Alcohol is also another contributor as it messes with your kidney and liver and creates the bags and dark circles. Learn about the main causes and remedies to dark circles under the eyes in this article. A lot of people think it’s normal to drink alcohol on a regular basis, but the question is can they give up drinking? If not, then they are already addicted to it.

One of the harmful substances your kidneys filter is alcohol. Alcohol can trigger changes in the kidneys’ function and make the filtering less effective. Your kidneys also maintain the right amount of water in the body, and when alcohol enters your system, the ability of your kidneys to do this is negatively affected. The dehydration effect of alcohol also affects the normal function of the kidneys, cells, and other organs.

Constant drinking may lead to liver disease as well, which adds to your kidneys’ job. Normally, your blood flow rate is kept at a certain level, so your kidneys can do the filtering well. But, when liver disease happens, the balancing process is impaired.

Monosodium Glutamate (MSG)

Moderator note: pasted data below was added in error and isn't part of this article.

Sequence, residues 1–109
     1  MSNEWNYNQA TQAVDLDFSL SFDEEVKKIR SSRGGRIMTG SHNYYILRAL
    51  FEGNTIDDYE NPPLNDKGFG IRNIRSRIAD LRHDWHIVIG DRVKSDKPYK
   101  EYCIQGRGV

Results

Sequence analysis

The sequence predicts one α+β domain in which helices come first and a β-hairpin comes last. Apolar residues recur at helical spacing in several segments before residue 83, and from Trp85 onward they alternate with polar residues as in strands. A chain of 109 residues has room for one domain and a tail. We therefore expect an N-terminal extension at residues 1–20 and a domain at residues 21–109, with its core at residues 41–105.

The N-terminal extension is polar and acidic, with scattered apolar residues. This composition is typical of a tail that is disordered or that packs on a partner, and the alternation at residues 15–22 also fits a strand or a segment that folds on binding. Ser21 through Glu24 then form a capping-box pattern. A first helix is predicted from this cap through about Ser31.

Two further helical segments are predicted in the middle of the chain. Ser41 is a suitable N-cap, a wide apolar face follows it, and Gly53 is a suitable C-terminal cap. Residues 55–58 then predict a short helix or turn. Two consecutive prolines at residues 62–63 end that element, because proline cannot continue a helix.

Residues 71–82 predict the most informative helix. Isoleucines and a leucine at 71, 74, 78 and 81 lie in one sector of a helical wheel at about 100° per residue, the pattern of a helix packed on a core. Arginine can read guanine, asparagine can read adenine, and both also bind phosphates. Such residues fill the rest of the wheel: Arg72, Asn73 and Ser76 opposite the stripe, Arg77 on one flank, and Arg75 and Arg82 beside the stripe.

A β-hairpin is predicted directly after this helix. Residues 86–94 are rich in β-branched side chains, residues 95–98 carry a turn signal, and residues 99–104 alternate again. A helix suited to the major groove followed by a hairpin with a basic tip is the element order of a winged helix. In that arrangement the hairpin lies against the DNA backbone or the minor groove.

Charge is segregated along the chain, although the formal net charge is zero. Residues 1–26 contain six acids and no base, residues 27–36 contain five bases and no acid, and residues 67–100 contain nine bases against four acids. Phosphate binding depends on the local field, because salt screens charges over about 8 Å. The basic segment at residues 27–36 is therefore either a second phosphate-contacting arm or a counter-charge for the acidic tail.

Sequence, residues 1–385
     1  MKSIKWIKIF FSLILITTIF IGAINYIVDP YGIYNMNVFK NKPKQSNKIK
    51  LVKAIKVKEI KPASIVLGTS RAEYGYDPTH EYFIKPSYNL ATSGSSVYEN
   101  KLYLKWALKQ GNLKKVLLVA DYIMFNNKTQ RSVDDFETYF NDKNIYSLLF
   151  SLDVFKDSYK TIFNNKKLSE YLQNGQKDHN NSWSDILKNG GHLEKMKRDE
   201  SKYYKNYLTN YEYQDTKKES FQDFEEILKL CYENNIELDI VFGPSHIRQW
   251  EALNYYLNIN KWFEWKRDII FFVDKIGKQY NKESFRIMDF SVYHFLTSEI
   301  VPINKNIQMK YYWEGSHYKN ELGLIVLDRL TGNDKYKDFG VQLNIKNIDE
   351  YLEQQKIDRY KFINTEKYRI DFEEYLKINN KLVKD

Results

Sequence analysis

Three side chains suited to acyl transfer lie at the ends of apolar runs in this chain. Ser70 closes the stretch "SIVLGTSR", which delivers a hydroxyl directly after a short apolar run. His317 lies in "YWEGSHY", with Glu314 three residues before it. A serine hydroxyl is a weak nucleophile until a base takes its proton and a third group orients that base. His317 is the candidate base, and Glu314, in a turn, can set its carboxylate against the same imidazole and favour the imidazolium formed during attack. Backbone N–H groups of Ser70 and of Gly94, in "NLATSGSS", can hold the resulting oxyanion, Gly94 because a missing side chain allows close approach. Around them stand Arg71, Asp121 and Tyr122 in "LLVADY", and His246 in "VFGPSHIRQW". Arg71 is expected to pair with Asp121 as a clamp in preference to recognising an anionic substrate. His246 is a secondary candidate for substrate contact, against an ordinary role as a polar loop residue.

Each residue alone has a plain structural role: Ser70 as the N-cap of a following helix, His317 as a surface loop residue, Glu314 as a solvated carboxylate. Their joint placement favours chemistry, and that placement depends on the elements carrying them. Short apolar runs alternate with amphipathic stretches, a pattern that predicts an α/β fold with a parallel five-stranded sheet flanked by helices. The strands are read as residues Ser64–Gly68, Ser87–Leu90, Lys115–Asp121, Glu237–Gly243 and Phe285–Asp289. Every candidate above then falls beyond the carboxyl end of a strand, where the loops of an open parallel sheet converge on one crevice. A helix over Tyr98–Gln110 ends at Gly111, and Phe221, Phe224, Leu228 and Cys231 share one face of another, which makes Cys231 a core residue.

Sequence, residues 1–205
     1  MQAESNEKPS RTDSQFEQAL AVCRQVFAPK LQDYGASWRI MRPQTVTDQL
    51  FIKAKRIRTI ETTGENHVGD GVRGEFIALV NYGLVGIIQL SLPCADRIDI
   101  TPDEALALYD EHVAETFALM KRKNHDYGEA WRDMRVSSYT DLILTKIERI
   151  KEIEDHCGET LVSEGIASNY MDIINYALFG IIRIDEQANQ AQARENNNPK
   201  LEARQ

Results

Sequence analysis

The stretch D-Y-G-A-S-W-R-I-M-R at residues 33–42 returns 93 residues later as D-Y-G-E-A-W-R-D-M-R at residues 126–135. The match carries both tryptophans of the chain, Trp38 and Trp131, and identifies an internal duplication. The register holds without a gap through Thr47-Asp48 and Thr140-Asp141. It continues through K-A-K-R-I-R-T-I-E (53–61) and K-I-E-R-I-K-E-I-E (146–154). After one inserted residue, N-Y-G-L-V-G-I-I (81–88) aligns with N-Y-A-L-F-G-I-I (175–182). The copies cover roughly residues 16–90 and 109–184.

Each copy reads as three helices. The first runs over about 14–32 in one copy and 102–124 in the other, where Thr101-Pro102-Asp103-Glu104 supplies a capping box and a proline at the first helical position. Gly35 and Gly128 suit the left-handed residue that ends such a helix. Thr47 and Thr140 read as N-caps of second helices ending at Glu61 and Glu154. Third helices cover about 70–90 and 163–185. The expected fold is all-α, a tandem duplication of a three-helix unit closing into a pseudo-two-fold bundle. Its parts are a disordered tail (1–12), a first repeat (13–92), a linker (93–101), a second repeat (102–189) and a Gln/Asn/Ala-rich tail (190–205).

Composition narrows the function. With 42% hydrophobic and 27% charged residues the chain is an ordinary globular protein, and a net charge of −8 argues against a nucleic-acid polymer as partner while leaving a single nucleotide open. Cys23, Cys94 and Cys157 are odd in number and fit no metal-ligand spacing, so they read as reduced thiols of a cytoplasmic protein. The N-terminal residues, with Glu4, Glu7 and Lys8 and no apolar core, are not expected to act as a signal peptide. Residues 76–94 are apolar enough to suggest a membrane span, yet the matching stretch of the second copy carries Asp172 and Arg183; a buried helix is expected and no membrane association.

MSG is a flavor enhancer, and manufacturers hide it as modified food starch. It’s a lot of sodium that’s not salty and is a water retainer. This also spikes Fat Storing Hormone levels. Sugar and junk foods are going to mess up your kidneys, too.

RELATED: High Potassium Diets Protects Your Kidneys

Prostate Enlargement

Male doctor discussing reports with senior patient | What Really Causes Puffy Eyes and Bags?

Another cause of kidney problems is prostate enlargement. When the prostate enlarges, it pushes up into the bladder and restricts the amount of urine the bladder can hold. The urine then backs up into the pipes called the ureters that go right into the kidney. Then, the kidneys can’t filter the urine, so it backs up into the kidney, and the organ gets larger.

I had one guy, and all we did was a little acupressure working on some pressure points in the body. You do it lightly, and you keep working it out. I’ve had so many people do that, and all of a sudden, they just dumped all this excess fluid from their bodies.